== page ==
# Tokarev's theorem on Banach lattices which are Grothendieck spaces

When browsing the literature, I have found the following theorem of E. Tokarev:

Let $$X$$ be a Banach lattice with weakly sequentially complete dual space. Then for any Banach space $$Y$$, every unconditionally converging operator $$T\colon X\to Y$$ is weakly compact. (In other words, Banach lattices with weakly sequentially duals have Pełczyński's property (V).)

(This is Theorem 1.1 here.)

This theorem, if true, would have a number of fantastic consequences. For instance, a very nice theorem of W. B. Johnson would follow easily:

Suppose that $$X$$ is a Banach space with local unconditional structure. Then either $$X$$ is super-reflexive or $$X$$ contains $$\ell_\infty^n$$'s uniformly or $$X$$ contains $$\ell_1^n$$'s uniformly complemented.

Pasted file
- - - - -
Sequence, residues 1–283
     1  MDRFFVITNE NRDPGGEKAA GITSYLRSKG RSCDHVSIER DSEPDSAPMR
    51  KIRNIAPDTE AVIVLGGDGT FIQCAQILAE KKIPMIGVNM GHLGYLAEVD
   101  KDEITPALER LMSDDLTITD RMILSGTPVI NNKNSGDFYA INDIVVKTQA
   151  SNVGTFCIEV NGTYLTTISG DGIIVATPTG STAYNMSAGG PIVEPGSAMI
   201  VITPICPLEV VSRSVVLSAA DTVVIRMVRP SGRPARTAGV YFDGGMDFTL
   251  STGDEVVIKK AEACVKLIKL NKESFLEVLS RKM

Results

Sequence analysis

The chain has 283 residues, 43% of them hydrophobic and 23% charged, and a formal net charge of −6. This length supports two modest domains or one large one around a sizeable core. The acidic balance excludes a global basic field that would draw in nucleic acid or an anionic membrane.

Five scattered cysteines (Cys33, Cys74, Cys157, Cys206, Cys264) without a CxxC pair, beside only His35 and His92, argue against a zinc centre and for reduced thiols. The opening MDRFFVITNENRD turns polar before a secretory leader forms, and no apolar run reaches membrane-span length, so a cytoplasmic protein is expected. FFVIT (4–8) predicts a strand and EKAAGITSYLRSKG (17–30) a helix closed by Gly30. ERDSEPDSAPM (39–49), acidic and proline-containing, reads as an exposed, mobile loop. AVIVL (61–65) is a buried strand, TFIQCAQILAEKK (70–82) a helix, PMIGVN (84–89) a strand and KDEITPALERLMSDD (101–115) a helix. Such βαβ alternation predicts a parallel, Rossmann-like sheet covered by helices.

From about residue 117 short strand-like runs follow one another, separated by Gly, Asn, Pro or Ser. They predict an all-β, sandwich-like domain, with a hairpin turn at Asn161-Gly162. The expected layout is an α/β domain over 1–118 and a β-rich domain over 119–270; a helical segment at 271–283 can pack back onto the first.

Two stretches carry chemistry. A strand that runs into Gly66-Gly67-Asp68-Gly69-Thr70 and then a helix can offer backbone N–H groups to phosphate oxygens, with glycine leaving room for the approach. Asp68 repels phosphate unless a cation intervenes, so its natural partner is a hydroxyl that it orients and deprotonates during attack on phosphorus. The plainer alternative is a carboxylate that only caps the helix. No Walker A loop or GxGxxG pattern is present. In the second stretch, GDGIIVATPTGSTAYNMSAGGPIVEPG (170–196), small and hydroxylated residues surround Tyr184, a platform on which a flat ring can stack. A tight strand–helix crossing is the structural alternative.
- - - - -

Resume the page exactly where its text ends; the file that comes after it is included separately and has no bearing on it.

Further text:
I can produce a rather lengthy list of further applications (some of them, I believe, new and which would be useful to me for other purposes). However, I must admit I don't understand the proof. (For instance, I don't understand why the measures $$\tilde{\mu}_n$$ are well defined, and why we can pass to a convergent subsequence of $$y_n^*$$'s.)

After a while, I decided to apply the so-called psychological argument: if this theorem is so strong, let us look on other results quoting it. Unfortunately, neither google nor mathscinet can find anything. I also tried to contact the author but it seems he doesn't check his mailbox. Hence my question:

Does this theorem have a chance to be true? Or maybe there is an easy counter-example?